Create choices

Generationally friendly companies allow the workplace to shape itself around the work being done, the customers being served, and the people who work there.  They recognize that people from a mix of generations have differing needs and preferences, and they design their human resources strategies to meet varied employee needs. “Change” is not so much the name of a training seminar or a core value listed somewhere in their mission statement as it is an assumed way of living and working.

Operate from a sophisticated management style

Generationally friendly managers don’t have time for BS, although they are tactful. They give those who report to them the big picture, with specific goals and measures, and then they turn their people loose – giving them feedback, rewards, and recognition as appropriate.

Respect competence and initiative

Generationally friendly organizations assume the best of people. They treat everyone, from the newest recruit to the most seasoned employee, as if they have great things to offer and are motivated to do their best. It is an attitude that can become a self-fulfilling prophecy.

Nourish initiative

Generationally friendly organizations are concerned and focused, on a daily basis, with making their workplaces magnets for excellence. They know that keeping their people is every bit as important in today’s economy as finding and retaining customers. Therefore, they offer lots of training, from one-on-one coaching opportunities to interactive online training to an extensive and varied menu of classroom courses. They encourage lateral movement within the organization and have broadened assignments.

Ron Zemke, Claire Raines, and Bob Filipczak, Generations at Work: Managing the Clash of Boomers, GenXers, and GenYers in the Workplace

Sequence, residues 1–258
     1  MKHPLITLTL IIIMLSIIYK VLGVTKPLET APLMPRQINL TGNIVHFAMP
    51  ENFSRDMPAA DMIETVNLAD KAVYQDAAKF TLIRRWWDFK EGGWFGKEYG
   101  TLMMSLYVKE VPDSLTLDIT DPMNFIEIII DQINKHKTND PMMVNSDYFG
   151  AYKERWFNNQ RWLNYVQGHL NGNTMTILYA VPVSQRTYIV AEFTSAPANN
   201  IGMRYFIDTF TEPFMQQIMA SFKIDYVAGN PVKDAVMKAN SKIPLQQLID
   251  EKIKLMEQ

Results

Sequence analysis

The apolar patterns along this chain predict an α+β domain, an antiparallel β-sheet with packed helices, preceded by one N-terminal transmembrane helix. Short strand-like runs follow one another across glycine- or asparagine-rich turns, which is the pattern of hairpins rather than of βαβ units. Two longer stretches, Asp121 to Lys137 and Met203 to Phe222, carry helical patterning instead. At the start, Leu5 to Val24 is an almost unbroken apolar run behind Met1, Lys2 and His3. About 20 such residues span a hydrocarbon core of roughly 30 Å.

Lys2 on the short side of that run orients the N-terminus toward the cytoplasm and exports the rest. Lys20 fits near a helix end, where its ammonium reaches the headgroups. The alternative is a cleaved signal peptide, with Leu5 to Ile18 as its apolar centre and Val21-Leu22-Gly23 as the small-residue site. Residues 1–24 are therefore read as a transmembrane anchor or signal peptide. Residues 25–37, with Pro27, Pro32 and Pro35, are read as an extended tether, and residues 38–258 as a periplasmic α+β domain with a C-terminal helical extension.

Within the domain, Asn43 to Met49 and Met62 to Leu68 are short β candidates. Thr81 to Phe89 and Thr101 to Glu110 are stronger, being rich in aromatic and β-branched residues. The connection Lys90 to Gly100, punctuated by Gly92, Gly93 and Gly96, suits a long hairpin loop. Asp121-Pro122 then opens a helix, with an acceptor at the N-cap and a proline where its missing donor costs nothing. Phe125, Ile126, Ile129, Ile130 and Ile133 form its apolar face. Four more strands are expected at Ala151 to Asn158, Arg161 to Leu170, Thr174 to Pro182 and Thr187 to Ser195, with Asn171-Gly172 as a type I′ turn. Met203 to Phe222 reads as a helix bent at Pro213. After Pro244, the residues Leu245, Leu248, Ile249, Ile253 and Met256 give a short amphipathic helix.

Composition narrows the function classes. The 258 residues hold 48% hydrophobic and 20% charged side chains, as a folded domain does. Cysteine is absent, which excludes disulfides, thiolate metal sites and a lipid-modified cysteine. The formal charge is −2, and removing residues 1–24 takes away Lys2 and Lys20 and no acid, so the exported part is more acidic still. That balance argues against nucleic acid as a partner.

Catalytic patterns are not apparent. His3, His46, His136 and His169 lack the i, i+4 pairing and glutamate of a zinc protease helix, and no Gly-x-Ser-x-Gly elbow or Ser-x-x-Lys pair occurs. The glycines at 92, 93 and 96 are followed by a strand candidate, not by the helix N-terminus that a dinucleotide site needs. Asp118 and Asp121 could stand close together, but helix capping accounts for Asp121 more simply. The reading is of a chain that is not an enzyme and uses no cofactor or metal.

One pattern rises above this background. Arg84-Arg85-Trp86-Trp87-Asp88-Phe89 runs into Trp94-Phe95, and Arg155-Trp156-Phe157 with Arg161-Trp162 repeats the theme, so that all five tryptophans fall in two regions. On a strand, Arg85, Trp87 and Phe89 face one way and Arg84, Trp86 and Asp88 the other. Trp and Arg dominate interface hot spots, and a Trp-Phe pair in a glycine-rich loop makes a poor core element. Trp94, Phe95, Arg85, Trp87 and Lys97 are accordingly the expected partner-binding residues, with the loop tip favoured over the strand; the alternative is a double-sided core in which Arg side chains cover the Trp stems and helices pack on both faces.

A NEXT STEP

Set aside time at a future leadership team meeting to review your organizational structure in terms of the five initiatives listed above.

On five separate chart tablets, write one phrase each as listed above across the top. Draw a vertical line down the center of each chart tablet, and write the words, “Positive” and “Negative” on either side of the line.

Discuss with your team how each one of the five initiatives are demonstrated in your organization in both positive and negative terms.

After your discussion is concluded, decide how you will celebrate the positive actions and correct the negative actions.

Excerpt taken from SUMS Remix 127-1, released September 2019.


 

Part of a weekly series on 27gen, entitled Wednesday Weekly Reader

Regular daily reading of books is an important part of my life. It even extends to my vocation, where as Vision Room Curator for Auxano I am responsible for publishing SUMS Remix, a biweekly book “excerpt” for church leaders. Each Wednesday on 27gen I will be taking a look back at previous issues of SUMS Remix and publishing an excerpt.

>>Purchase SUMS Remix here<<

>> Purchase prior issues of SUMS Remix here<<